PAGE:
Newspaper Page Text
The Daily Argus.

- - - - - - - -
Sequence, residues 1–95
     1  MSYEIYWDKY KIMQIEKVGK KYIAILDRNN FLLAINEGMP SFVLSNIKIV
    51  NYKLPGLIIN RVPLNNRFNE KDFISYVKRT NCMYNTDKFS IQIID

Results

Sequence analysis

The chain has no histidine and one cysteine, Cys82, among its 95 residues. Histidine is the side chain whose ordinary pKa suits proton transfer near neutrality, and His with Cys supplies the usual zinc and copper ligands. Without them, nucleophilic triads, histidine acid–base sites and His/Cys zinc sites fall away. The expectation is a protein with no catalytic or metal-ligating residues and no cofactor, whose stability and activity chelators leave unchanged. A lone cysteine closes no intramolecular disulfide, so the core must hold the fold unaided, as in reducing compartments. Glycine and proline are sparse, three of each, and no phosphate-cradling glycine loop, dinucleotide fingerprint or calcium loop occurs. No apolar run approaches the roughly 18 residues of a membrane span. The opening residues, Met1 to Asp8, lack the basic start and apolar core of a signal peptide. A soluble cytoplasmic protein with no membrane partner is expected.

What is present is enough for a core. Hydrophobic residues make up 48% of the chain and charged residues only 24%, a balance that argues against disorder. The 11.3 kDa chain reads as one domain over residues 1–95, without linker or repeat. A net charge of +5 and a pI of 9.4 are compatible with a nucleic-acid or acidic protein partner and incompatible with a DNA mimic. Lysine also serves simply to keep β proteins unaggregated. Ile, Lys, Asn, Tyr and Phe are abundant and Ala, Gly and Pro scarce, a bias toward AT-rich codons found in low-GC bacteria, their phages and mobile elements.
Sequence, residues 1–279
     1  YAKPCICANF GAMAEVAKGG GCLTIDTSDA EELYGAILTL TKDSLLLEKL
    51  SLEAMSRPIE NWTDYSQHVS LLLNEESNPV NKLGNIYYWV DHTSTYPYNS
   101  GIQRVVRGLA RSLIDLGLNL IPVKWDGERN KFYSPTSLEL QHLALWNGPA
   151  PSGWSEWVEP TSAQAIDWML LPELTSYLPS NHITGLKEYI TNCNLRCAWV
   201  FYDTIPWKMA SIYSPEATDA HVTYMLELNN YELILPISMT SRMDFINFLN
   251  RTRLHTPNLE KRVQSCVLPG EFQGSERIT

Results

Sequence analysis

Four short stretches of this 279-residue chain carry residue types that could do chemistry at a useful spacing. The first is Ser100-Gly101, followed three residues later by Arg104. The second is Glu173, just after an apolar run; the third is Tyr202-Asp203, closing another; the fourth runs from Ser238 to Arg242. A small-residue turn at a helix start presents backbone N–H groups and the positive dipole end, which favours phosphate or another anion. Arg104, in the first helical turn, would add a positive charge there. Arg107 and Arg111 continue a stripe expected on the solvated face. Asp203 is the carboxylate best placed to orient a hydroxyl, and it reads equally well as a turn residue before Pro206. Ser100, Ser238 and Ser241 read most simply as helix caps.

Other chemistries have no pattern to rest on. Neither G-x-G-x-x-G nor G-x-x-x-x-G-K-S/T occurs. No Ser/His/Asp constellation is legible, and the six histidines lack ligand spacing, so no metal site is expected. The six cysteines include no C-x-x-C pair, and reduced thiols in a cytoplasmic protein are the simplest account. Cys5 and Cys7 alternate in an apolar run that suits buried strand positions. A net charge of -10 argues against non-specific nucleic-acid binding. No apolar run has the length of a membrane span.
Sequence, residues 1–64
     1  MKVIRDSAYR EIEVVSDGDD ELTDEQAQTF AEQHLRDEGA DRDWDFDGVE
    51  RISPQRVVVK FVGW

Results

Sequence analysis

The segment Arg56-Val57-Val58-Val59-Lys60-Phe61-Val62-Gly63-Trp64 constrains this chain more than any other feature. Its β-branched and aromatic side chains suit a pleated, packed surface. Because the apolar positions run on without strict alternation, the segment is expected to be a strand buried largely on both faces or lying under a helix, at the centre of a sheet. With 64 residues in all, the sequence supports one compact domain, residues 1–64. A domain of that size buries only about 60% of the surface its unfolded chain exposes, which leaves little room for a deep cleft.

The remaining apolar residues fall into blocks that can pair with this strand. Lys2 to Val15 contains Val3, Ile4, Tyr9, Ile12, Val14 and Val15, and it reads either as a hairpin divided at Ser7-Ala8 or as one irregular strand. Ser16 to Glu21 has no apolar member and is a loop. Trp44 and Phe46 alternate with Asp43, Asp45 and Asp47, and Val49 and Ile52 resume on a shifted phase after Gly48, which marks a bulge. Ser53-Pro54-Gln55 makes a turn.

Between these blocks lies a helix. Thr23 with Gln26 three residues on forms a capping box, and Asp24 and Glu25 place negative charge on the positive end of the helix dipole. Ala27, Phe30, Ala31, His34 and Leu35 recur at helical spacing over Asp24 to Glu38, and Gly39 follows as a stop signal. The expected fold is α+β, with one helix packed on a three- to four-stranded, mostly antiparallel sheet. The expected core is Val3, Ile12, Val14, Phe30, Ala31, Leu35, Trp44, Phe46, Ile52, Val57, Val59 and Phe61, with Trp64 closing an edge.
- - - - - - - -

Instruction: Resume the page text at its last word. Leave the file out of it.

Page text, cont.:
SATURDAY. SEPT., 5, 1885. J1I11B I Jan I., tlii Nc Bnefi. Mosenfelder & Kohn. Book straps at .Taylor's. Miss Marion Potter, of Freeport, is in the city on a visit. Dr. McCnndlcss, dentist, corner Third avenue and Twentieth street. tf Lunch baskets at Taylor's. Pleated shirt waists 15 cents, at Mo senfelder & Kohn's. Advertise in the half-cent-aword coK uiim of the Annus. It will pay you. James McElroy went to Providence. R. I., this morning. few and second hand school books cheap at Taylor's. Girl wanted-619 Twenty third street; steady place, good wages. James (Won has been released from the county jail on his own recognizance. Money to loan on chattels 228 Main street, Davenport, Iowa. All kinds of school supplies, wholesale and retail, at R. Crampton & Co.'s. The Central shoe store beats all others in bargains. Mr. J. F. Monger and wife, of the Rock Island house, spent yesterday at the Muscatine fair. Slates and slate bugs very cheap at Taylor's. The Central shoe store is replete with a fine stock of ladies' and gentlemen's foot wear. John Whitsilt, of Preemption, is re ported at the piint of death this afternoon. Mosenfelder & Kohn's new fall stock is the greatest attraction ever shown in Rock Island. Call and see it. Dr. J. W. SUrk. IV-ntist, 1722 Sccom aVunne. dlyr. The Irawaddi canoe club of Davenport, is having its second regatta on Rock river today. Writing and figuring tablets, a full line t Taylor's. E. C. Cavett, who has been visiting in Ada county, Kansas, has returned to his home in Edgingtou. Spring shade fixtures warrented the best in the county, IS cents each at R Crampton & Co. Shades made and put up in the best manner. Gen. Weaver, democratic congressman from the Sixth Iowa district, will open the state campaign in Iowa at Davenport Saturday evening, September 12. E. E. I'armenter, attorney at law Makes collections, loans money, and will attend to any legal husiuess intrusted to him. Office, pnstofU.ee block, Rock Isl and. 111 ds&wly JNew styles of picture mouldings just received by R. Crampton & Co.. who also employ the best frame maker in the city Prices reasonable. mr. Andrew uonaiuson, or Kural, re turned lust evening from Midway, Pa. where he had been visiting his brother His daughter, Miss Mary Donaldson, who accompanied him to the Keystone state, will remain a few weeks longer. The old Webster fourth reader in use in city schools can now be exchanged for the new edition for 36 cents and the fifth reader for 43 cents, at R. Crampton & Go's, book store. Rev. R. F. Sweet arrived home from Chicago last night, where last week he buried his mother. Though Mr. Sweet has been in Rock Island but a short lime, he has endeared himself to many whose hearts will go out to him in sympathy in the hour of his great bereavement. G. Otto Iluckstacdt, the newly appoint ed stamp deputy, received instructions from Quincy this morning to assume cuarge oi tne government property in possession of George Cook, former dep uty, at the close of business hours this evening. Lost Monday evening Mrs. Galha Swan departed for Rock Island, where she will proceed to open a musical school near Harper's theatre. Mrs. Swan leaves many warm menus iiehind her, many who will regret her departure, aud whose good wishes will always follow her. Henry County Nem. Robert C. Collins, who murderously assaulted his wife at Davenport Thurs. day night, was before the Scott county insanity board yesterday. Ilia case was continued upon promise that he would behave himself hereafter. He is not in sano, but was evidently laboring unde some delusion. Bills' "Practical Lessons in English, the new grammar to be used in the pub lic schools of this city, can be had from R. Crampton & Co. Price in exchangi with old book (Green's Introduction) liO cents; without old book 60 cents. These prices arc for first introduction; scholars should avoid the rush and secure their books today. Sew Combination Car. The Rock Island & Peoria road has re ceived from the company's shops at Peo ria, a handsome new combination car, It is painted a deep red and lettered in a tasty manner. It is number 8, and is so arranged as to be used for both passen gers or baggage. It will be run on the Mercer county road for a while. Fifty To-Day. A. P. Graves, the ever genial, jolly baggageman at the upper depot, passed the fiftieth milestone in bis journey of life today. From appearances, one would think Mr. Graves had lived but half that number of years; he is hale, stout and hearty and good for another half century if he continues to take as good caie of himself as he has. Last night thero arrived jn the city a nicely dressed and well behaving boy of nix years, named Carl Cramer. He had come down from Dubuque, thinking he was enroute to Seneca, where his uncle resides. Deputy Marshal Hull took him to his home, where he remained over night, and this morning Marshal Eckhart telegraphed to Seneca and found that the boy had missed connections. He was, accordingly, despatched to his original destination. A Few of the Things He Hears Upon the StreetsVarious Opinions on Various Topics. "I tell you," said the pilgrim's military friend, "that if you would just give the people a little waking up on the Rodman Rifle reception, the result would be suc cessful." "Well I did, did I not?" repl ied the pil grim. ' Yes, that is what I mean to gay, and that little informal affair of last Monday night was just the right thing the ritrht place. You have no idea of the amount of good it did our military boys, while awakening public in terest in them to a considerable extent. t encouraged them and kindled anew the pride and interest they themselves take in the company. W benever you have an other opportunity give the Rifles a little send oil' and we'll have a good company again here some day . " "In the event of Capt. Abell's resigna tion, who do vou think will tic his suc cessor ?" Well, I dont know. The company can't very well spare him, and I don't be lieve he will sever his connection with it unless he is assured that his successor will take the same interest in the compa ny that he has. They talk of Capt. Hawes. and he would make an excellent captain, we all know. 'Don't you know Mike, that whisky is killing you, at the rate you are drinking it?" said Marshal Eckhart lust night to an old timer, win; had iust awakened fronf sleepiug oil a first cIuhs drunk. 'Did you ever hear the story of the wasp and the boy?" said Mike. "No," said the marshal, "I don't know as I have, what is it?" "Well, the wasp lit on the boy's neck and stung him like the devil, but the boy masked the wasp against himself and kilt him, an' remarked that he had hurtcd the wasp as bad as the wasp had hurtcd him So yer see, I kill as much av the whisky as the whisky does av me. See the point?" THE PILGRIM. It Oi ls a Boost In the St. Paul Con tentionHow Maj.Bearasley's Resolntirurwas Fonght. "Heard the good news from the Hen-, nepin? said a citizen, i ten you we picked the right kind of men to send up to that waterway convention, and I be lieve," said the citizen, getting closer to the pilgrim, "that we are going to get that thing at the next session of congress, We've got a good champion in Jerrv Murphy over there at Davenport, Oh! know Jerry, and I know him well, too, and when Jerry gets after a measure he don't let up until he has carried hi: point." The Jefferson Cluh. ' The Jefferson club held an ad journed meeting lust night at their rooms on Sec ond avenue. Several members of the county committee who came in to attend the meeting of that body today were present. The question of the county committee recommending applicants for fourth class postofiices in the county was discussed at considerable length, and resolution was finally adopted asking the county committee to take no decisive action in regard to appointments. The permanent committee reported the fol owing committees in connection with the grand banquet to be given on September 17th: On speakers B. T. Cable, E. W Hurst, J. T. Ken worthy Toasts Mai. II. C. Connelly. J. W Potter, W. H. Lundy. Invitations Arthur Burrull, J. R, Johnston, J. W. Stark. Music Aid. Briggs, J. B. Lidders, B Winter. Reception August Huesing. M. M Corbctt, Ed. Rogers, VV. D. Webster, D M. Martin. Obituary. At 12:30 today occurred the death of Mrs. M., wife of G. L. Wynes, the well known shoe merchant on Second avenue, Her illness was of hcicf duration, she having been bed ridden since one wee ago Tuesday . She wis born in Germany thirty-two years ago, and came to this country when yet a child. At Davenport she was united in marriage with G. L. Wynes nine years ago. She leaves five small children, the oldest being five years and the youngest twelve days old. She was a woman of high moral character and her loss will be deeply mourned by a wide circle of friends. The funeral will held from St. Mary's church at 10 a. in Monday, Sept. 7, 1885. Friends of the famity are invited to attend. Auld Lang Syne. THE HESHEP1N. Great Gathering at Hillsdale. Notwithstanding, tlieinclometicy of till weather on the night previous , and the threatening weather a'l day yesterday, there was a gathering of about five hun dred at Black Hawk's watch tower on the occasion of the regular annual picnic of the old settlers' society of Rock Island county. A sum ptuous dinner was served beneath the trees south of the pavilion on the tower, after which President Lusk. Tice President Il.iblmrd, Hon. W. W. Warner, of Henry county, and P. A. Armstrong, of La Salle county, made ap propriate and pleasing addresses. Re marks were also made by Col. A. W. Perry, William Cook, and others. The old folks exchanged compliments, talked of the days of yore, and after singing "Auld Lang Syne," in a' manner that made the woods fairly ring, adjourned. A Dead Soldier. On the Cannon ball train from Minuet apolis this morning was a delegation from company I, of that city of the Minnesota state militia, composed of Capt. Osgood, Lieut, Heffeflnger, Sergeants Braden aid . Palmer and Privates Moreland and Craig, with the remains of one of their company, Theodore Ford, who died suddenly Thucsday. The delegation will accom pany the body to Chicago, where it will be turned over to brothers of the de ceased and conducted to Kingston, Onta rio, the place of interment. . The cannon ball train from St. Paul this morning brought home from the great waterway convention, W. li. Fer guson, president of the Rock Island Busi ness Men's association; Morris Rosenfield, W. H. Gest, Esq., August Huesing, Maj. M. Beardsley, and Aldermen Sinnet and Larkin. Others of the Rock Isl and delegation remained over to attend the banquet last evening, and will prob ably anive home tonight. From Maj. J. M. Beardsley, who was a member of the committee on resolutions, an Argus reporter was enabled to ascer tain the manner in which the Hennepin clause, as framed by him, was received in the committee meeting previous to its adoption by the convention. When asked concerning it, Maj. Beardsley replied that there was something of a heated discussion in the committee session when his resolution came up, Congressman Hatch, of Missouri, being especially hos tile to it. "But I told him," said the Ma jor, "that we had come with our hatch ets prepared to fight; that the wishes of the people of Iowa and Illinois were not to be ignored in the sentiment of convention for the improvement of the water courses of the country, and if that resolution, or the substance of it was not embodied in the convention's resolutions, the delegations from Iowa and Illinois would pack up and go home right straight. We had come to claim our rights and if necessary to fight for hem." Selected as 1 was, said the major, "as a member of that committee, I knew full well what was expected of me. We were there to fight for the Hennepin, and it now remained with run whether or not our claims were to lie recognized. I was determined therefore having hal the good- fortune to be placed on that committee to express and claim the rights of our delegation." "Did vour threat about the Iowa and Illinois delegations clearing out, have the desired effect?" put in the scribe. "Well, I should say it did. The corns mittee knew full well that we were there for business, and my resolution was em bodied on the general resolutions exact ly as written and introduced by me. And so it passed the convention." The resolution alluded to may be found in a full report of the convention's pro ceedings on another page. The reporter conversed with Presides Ferguson, Alderman Sinnett and others of the delegates, and Maj. Beardsley seemed to voice the sentiment of all when he said "We come home with flying col ors; the canal has been favored by one of the greatest waterway conventions ever held in the west, and the outlook for the Hennepin was never as good as now. Sunday Services. At Trinity church the services will In at 10:45, 12 and 7:30. Regular services will be held by tli pastor, Rev. J. H. Wright, at the Chris tion chapel at 10:45 a. m., and 7:45 p. m, Sunday school at S):45 a. m., i. li. Kaup ke, superintendent. louug people meeting at 6:30 p. m. Twentieth street Evangelical Lutheran church: the Rev. C. A. Mennicke, pastor, the text at 10 a. m. will be; Rom. viii, 14 17, Thema: "Welch eine grosse Guade es siii, ein Kind Gottes xu sein." Geinein- deversammlung at 2:30 p. m. The Rev. J. II. Scott , of Morgan Park will preach in the First Baptist church at 10:45 a. m. At 7:30 p. in., the Rev. I W. Read, pastor, will preach on "The World's Savior." Sunday school at 9:30 a. m., J. W. Welch, superintendent. In the Central Presbyterian church, the pastor being absent, there will he no preaching. Sunday school at 9:30 a. m, W. II. Hatch, superintendent. Young people's meeting at 6:30 p. in., subject, "Christ Our Guide'1 Isa. viii. 8-10; Luke 1: 76-79. "Elijah the Prophet of the Lord, (10:45 a. m.) and a talk on "Vacation Echoes" (7:30 p. m.) will be the subjects of the Rev. J. A. Reynolds, I). I)., pas tor, in the United Presbyterian church, Sunday school at 9:30 a. m.. Hugh War nock, superintendent. Young folks' meeting at 7 p. m. "God's Love to Man the Ground of Han's Love to God," will be the 10:45 a m. subjects of the Rev. R. G. Peareo D. D., pastor, in the First Methodist Episcopal church. There will be a song service at 7:30 p. m. Sunday school at 9:15 a. m., E. W. Spencer, superinten dent. Young people's mooting at 7 p. m 'The Power of the Uosper 1 Cor v:20 10:45 a. m. and "Tie Beginning of Wisdom" Pa. cxi: 10 (7:30 p. m.) will be the subjects of the Rev. W. S. Mar quis, pastor in the Broadway Presbyteri an church. Sunday school at 9:10 a. m Dr. J. W. Stewart, superintendent Young people's meeting at 7 p.m., sub ject. "We Must All Give Account." Eecl xi:7. The subject of the young men's meet ing in the Y. M. C. A. rooms, at 4 p. m, will be: "All of Grace: Naught of Merit." Mr. W. J. Philp will lead the meeting. A Successful Week for the County Ex hibit in Canoe Creek Display, Amusements, Etc. THE FARMERS' FAIR. The Democrats Meet at the Jefferson Club Rooms and Pass Important Resolutions, Late Intelligence. Seymour, Campaign Co., Ill . ) Sept. 1. 1885. Demi Doctok: A little over a year ago I came to you, suffering with dis eased lungs, which troubled me a good deal, and catarrh in the head. My nerves were badly affected and teeble, and my memory very poor. I had terrible sick head aches which put me in bed, and nearly crazy with pain, so 1 could not take care of my baby. I also had a large tumor in my side aud my heart gave me much pain. I doctored at home, also in Campaign and Chicago, but none did me any good ! only for a moment until I came to you. When I had been treating with you about one month I could see and feel a change, and I have been improving ever since. My tumors are all gone, I am not bothered now with my lungs, and I am doing my housework and feel real well, and expect to continue so. Your faithful patient, Mrs. Anna Avis. To Dr. Mrs. Keck. And so the evidences of Doctor Keek's good work continue to pour in. Mrs. Keck is now at her Infirmary, and has numerous appointments with her many patients. THE COUNTY FAIR. Hillsdale, Sept. 3. . This morning early, people from all dN rections began pouring in, and by 11 clock tne grounds seemed to contain one mass of people, all enjoying them selves as they only can at this fair. Not lees than two thousand were here. Dur- ng the early part of the day the officers were so busy that they could not fill the programme out in the afternoon. The amusements were not lacking. First came the ladies' riding for which there were five entries: Miss Anna Feaster, MissBeale, Miss Cox, Miss Kil7.cn and Miss Emma Johnson. The premiums were: for the best, a lady's saddle, valued at J 10; Miss Anna Feaster secured it. Second premium, 13, Miss Beale; third. (1, Miss Cox. Next came the boys' riding for all boys under twelve years of age. There were four entries. Frank Payne received first premium, Charlie Blackmail second. The third was considered a tie between Jim- mie Wreath aud Charles Gcnung, and was divided between them. Then came the balloon ascension. which exceeded that of yesterday. It was undoubtedly one of the best ever made on this fair ground. The balloon arose at 3 p. m. amid the greatest enthusiasm, all admitting that Mr. Parker, our farmer balloonist, knows his business. II reached the dizzy height of four thousand feet, floated eastward and landed safe and sound about one mile from here in Mr. Walker's corn field. List, lint not least, was the race among the officers of the fair for two hats, the first out to have first choice, and secoud. second choice. The officers who had sand" enough to run were: D. M. Mar tin, vice president; Jno. Liphardt, mar shal; John Johnson, director; John Hahn, director. If you ever saw Jay-Eye-S(!e or MaudS. trot, you mav have some idea of the sliced maintained by Martin on the home stretch, securing first hat. John Liphardt came in second, puffing and snorting, reminding one of the exhaust pipe of an engine. Henry Opcndike (who did not run) says Liphardt would have gained the race if he would stay at home more closely. John Hahn astonished the natives by coming in fourth; still John can't complain; he received one hat last year, and that w ill last him very likely his lifetime. 1 his race attracted more attention than any other. It is supposed by some that considerable money passed hands, one man having offered to bet all he had, which, being counted, was five cents. He bet, lost, and walked home The showing of DRAFT HOUSES took place in the afternoon and was one of the best displays every made. For best stallious for draft, L. 8. Pearsoll's celebrated stallion DcLessrp took first premium. DcLessep is a French Nor man, imported from France in 1884, bv Virgin and Brown, of Fairbury, III., of whom Mr. Pearsoll purchased him, at Die fat stock show in Chicago, in October last. Mr. Pearsoll also received tint prt miiim on best three year old colt for draft and best suckling colt. Mr. Pear soil is one of the best stock raisers in the county, raising none but full bloods FRIDAY, BEIT. 4. Last night's rain deb ured many from coming, but still all living in the iinmedi ate vicinity were on the grounds enjoying themselves even better than yesterday, the crowd not being so large. The rain has had a detrimental effect upon the financial interests of the fair, but on the whole it has been a success. There has been one of TUE BEST DISPLAYS of agricultural products, faucv work and mechanical arts ever made. The general sentiment is "I never enjoyed myself as well anywhere and am going every day next year. The premiums paid will ag gregate f 800. These will all lie paid by bat-unlay. The amusements this afternoon were the most diverting of the fair. The slow mule race, which was won ly Geo Bryant, was the source of GREAT MHIUUMKNT to all. The conditions of the race were each one ride the other's mule, the last one in to win. The sack race attracted much attention. Jno. Hardy won th (2.51) hat. NOTES. Your reporter had the pleasure of rid in" around the half mile track behind J. C. Peck and son, pair of grade Nors man horses. Dandy, Norman.aud Cora modore 1 Norman. Peck and son aie the possessors of fortysix fine grade Nor man stallions and mares. They began t breed this stock five years ago, and are well pleased with their success. Any one wishing such stock should write to J C. Peck & Son. Albany. 111. CASUALTY . This afternoon just as the farmer'bal loonist, Parker, had his air ship filled ready to start, it caught fire and before it could be checked had burned a large hole in it allowing the hot air to escape, let ting it fall to the ground a shaiieless mass. This was quite an unfortunate affair, one that will cos'. Mr. 1'urkcr much incou venience. The fair has closed and everything has been removed from the grouuds. TOWN TALK. - A proposition has been made for the settlement of the Coe school matter, but it does not seem to meet the approbation of many who are, or have been in favor of the division us it was made some time ago. Those who registered from Rock Island today are: Sheriff Reticker, Jno.T. Ken worthy, County Superintendent South well and Circuit Clerk Bowman. Representative Paddelford, of Henry county, looked down upon his constitu ents today . Peck & Son have some, fine graded colts on exhibition, two and three years old. Martin and Gherhardt served all with refreshment?. Martin is one of those con vivial spirits who does all in his power to please. Rock Island is quite a political center today, it being the time designated for the meeting of the democratic county central committee, per call of the chairman, Mr. August Huesing. Although the object of the meeting was not stated in the call, it is generally understood that the matter of making recommendations to Congress man Neece for persons to fill the fourth class postofiices in the county would come up for consideration. Besides the members of the committee from the dif ferent towns, several applicants for post offices were on hand with their friends in order to see that their interests might not be jeopardized by their absence. Chairman Huesing called the committee to order at 2 o'clock this afternoon. George W. Henry acted as secretary. The secretary called the roll, and the follows ng members answered to their names: Hampton No. 1, Sain Heagv; No. 2, D. A. Weatherhead; No. 3. R. M. Milch- ell. Edgington No. 1, Addison Rush; No. James Harness. Canoje Creek D. M. Martin. Cordova W. D. Webster. Port Byron Q. A. Metzgar. Zuma Chas. Schafer. Black Hawk Thomas Kerr. Rural F. W. Wilson. Coal Valley Thos. Lees. Coe Samuel Swisher. Rock Island J. C. Lafrenz, L Buford, G. W. Henry. Dan Daly. Moline H. Hannecke, P. S. Lundgren D. W. Gould. South Moline-G. W. Walker, Jacob Weaver. Bowling John Forgy. The following resolution was adopted on motion of Alderman Henry: To Hon. W. H. Nteee: At a meeting of the Rock Island conn- ty democratic committee held on Sept. 5th, 1885, it was resolved that it is the sense ot this committee that the appointments in this county should be made as speedily as possible and to further the matter of appoint ments, we respectfully beg to suggest that the member or menders of the dem ocratic county committee of the locality where the appointments are to be made recommend the applicants lor your hon orable consideration. A mo ton to adjourn was then carried THE COUNTY COMMITTEE. A Fesu II for Gmiillftf M Oroan' Life Sentence Commuted- Governor Oglesby has commuted the life sentence of Patrick Grogan to four teen years upon a petition signed by a largo number of citizens and especially advocated by Hons. W. H. Gest, H. A Ainsworth and J. M. Btytrdslcy. Patricl Grogan and Patrick Gainey were con victed at Rock Island in January, 1880, of the murder of Conrad Whillick. Gro gan was sentenced for life. Gainey was pardoned after serving a short term Grogan will now have about two years and seven months to serve, as he has good time credits amounting to five years aud nine months. No Foatmastar let. Mr. Meigs Wait, of Reynolds, says we were mistaken in saying that James Has- kins had beea appointed postmaster at Reynolds. He was simplyelected as a member of the county committee, and is not a candidate for the post office. We are sorry that our statement was wrong, but hope soon to be able to report a dctn ocralic postmaster from Reynolds. The cheapest place in the three cities to have your boots aud shoes repaired or made is at the Central Shoe Store. E. W. Hurst represents the leadine American and Foreign Insurance Co's Policies carefully written at current rates, Agency established 1874. Office over Rock Island National Bank. DIED. WYNES. in Rook inland, at 1:3() P. M., to- da?, Mr. M., wife uf O. L. W ym, aged W year 5 luonlna and 6 day, oi ruerperal Ttsver. EX OR RA OT MOST PERFECT MADE Purest and strongest Natural Fruit Flavors. Prepared by a physician with special regard to health. Hard Cool Market. Pea coal, f 7.00; grate and egg, $7.75; range, nut and No. 4, $8.00 per ton; screened and delivered all best quality of anthracite. Extra cartage charged on orders of less than one ton. Blacksmith's caol, Connellsville coke and charcoal. 1903 Second avenue. E. G. Frazek. "That tired feeling" from which you suffer so much, particularly in the morn ing, is entirely thrown off by Hood's Bar-saparilla. REMEMBER That by far The Largest and Fines -HTOCK OK- KKKIl URRR UN NIITTTTIT V 11RR KV V II UK HN If Nil T IT II K KK T U V RRR N N MI T II U KBR KB I U UK KNNNII T U UK KK VV R RN NN1I AND- UU R REER MX) II U u U O AAA K U)0 A A K A RRR PPP F.KRTTTT..KSSK A A RRR PPP KK T S88K K r K T RP REE T "ass1 Is to be found t- C. C. KNELL'S Wholesale Dealer in FFFFL OOO U CRRRR F L O OU UR R FLO OU UR R F L OOUURR FF L O OU URRRR F L O OU UR R F L O OU UR R F L O OU UR R F LLLLL OOO UUU K R KKPFL F F ' FF F F F F l.Ll.l.L UMiiit (WWK) U l (li U III ui j l Ml II !' UI U l III emu umj PS sapt-8-rndly J-QHUsT STRECKPUs, 'r"rU-(l MIJ RASMUSSEN'S CARD. In calling attention to the fact that we have refitted and rerlei CHUtiiu, luaiiin ifc uim iniiy i iic iiiiv c(jiiimui imji iicciricdly the hunt ot in tltia vieinitv. We ttlso n-iflli to pull hltpntinn 1 ,,. .I:.. , 1 ..... ... ...... . ... j. .. - , .. u...., HiMpiHY ... Photographic work, all recently produced and containing many nov pleasing positions and effects of light and shadow, varying in -,e r st miniature up to 16x20 inches. We have been assured by old and t'M tent critics that it is by far the finest display ever made in this citvT artistic success is largely due to the fact that we make a grenter tin ' excel than to undersell, and we bring to our aid such experience as n gathered from 17 years of continuous service (having beimn our graphic career as a mere boy in 1867, since which time we have nni w!'1' mouths either by sickness or vacation) our long experience enables L appreciate the importance of scenic effects in Photo art, hence our ot 1 ing room is ntteu with a mass or accessories, consisting of stone will h ! ustrades, stone and rustic bridges and fences, boat, rocks, pond eontsi ' water lillies, stairways, screens, and a variety of back-u'rounrts nr!' chairs,, table statues, vases, or what the Chicago Photo-Bureau savs V " equalled in any gallery in this vicinity, but We plainly say (and it T matter easily demonstrated) that no gallery in this contains one half o J amount ui our iiistiuuiviiia, we uou t, unasi nun mey were nought in g f, nant sale and used by predecessors for 25 years. On tub conthakt instruments are of the latest improved makes, containing among otlimT Voigtlaender Enryscope and Dallmeycr Instantaneous Lenses. Thrskt Celebrated Lenses cannot be found in anv Oai.i.eky in this nn ours. A pleased patron is the best advertisement and we strive to j, the advertisement by the excellence of our work. In order to better i. satisfactory results, every patron is given a show of three or four t,. lives, diflerent positions, and all of these proofs are shown, and nlmuit , improvements suggest themselves, resittings will gladly be maile charge. Gallery corner 18lh strict and 2nd avenue, ltock Island. mnr-9-dwly GRAND OPENING OF- 111! FALL STOCK OF a m (1 18k Carpets and Oil Cloths. Styles and prices never equalled. Everybody more tbi, isfied. Don't fail to rail and examine our stock. CORDES & KANN. Nos. 1506 and 150S Second Ave., Rock Mat N. B. Chamber and Parlor Sein a specialty. Si:J.j Mclntire 6c Co., Will place on their counters Monday Morning, June 22, a tine line of Summer Silks in de sirable shades at the very low cost of 34 CENTS PER YARD. These Silks were bought at a sacrifice from a large concern who had too many. No such opportunity bos been offered this season. Every yard worth fiom 40c to 60c, and we wish customers to exam ine silks sold elsewhere before calling. New and elegant line o! . just opened in new and l ble colorings. White Goods are moving nicely. In :a season has been our tw several years, which lead : infer that we are headoi' i on White goods. J3?Call and examine MCINTIRE & CO.. IB. BIIrIECEirsriFIELID, Healer in all kimlf of SCHOOL BOOKS Stationery, Confectionery, Choice Cigars, Tovs, Etc., On Fourth Avenue between Twentieth and Twenty-first Sts., HOCK W- HILEY, Dealer an.l liniurtcr in Marble and Granite Monuments. lySpecial Designs furnished on application. Corresjiondencc solicited. Works and Office on East 17th St., opposite 1. 0.. ' Rock Island, I J. T.DIXON, MERCHANT TAILOR. And Dealei in M ens' Fine Woolens, I 706 Second aventf YERBUBY, Plumbing, Steam and Gas Fittin Knowles' Steam Pumps, Inspirators and Ejectors, Wmuiiht. ("ant and Lead I'iiw, PiiM-Kilttni! ami Brass OihxIh of wry dowmitinn: li,ll and PackiiiK of all kludx; Drain Tile and Kewui Hii- OIHee sod Hhop 1314 Third Ave., KOCK ISLAND &' RICHARD F. WITT, Licentiate in pharmacy, SUCCESSOR TO F. M. WNEATON, OKAI.ICK IN TJ' R E ID J& TJ O B And Toilet Preparations, Corner 2nd Ave., and 17 v-19 eu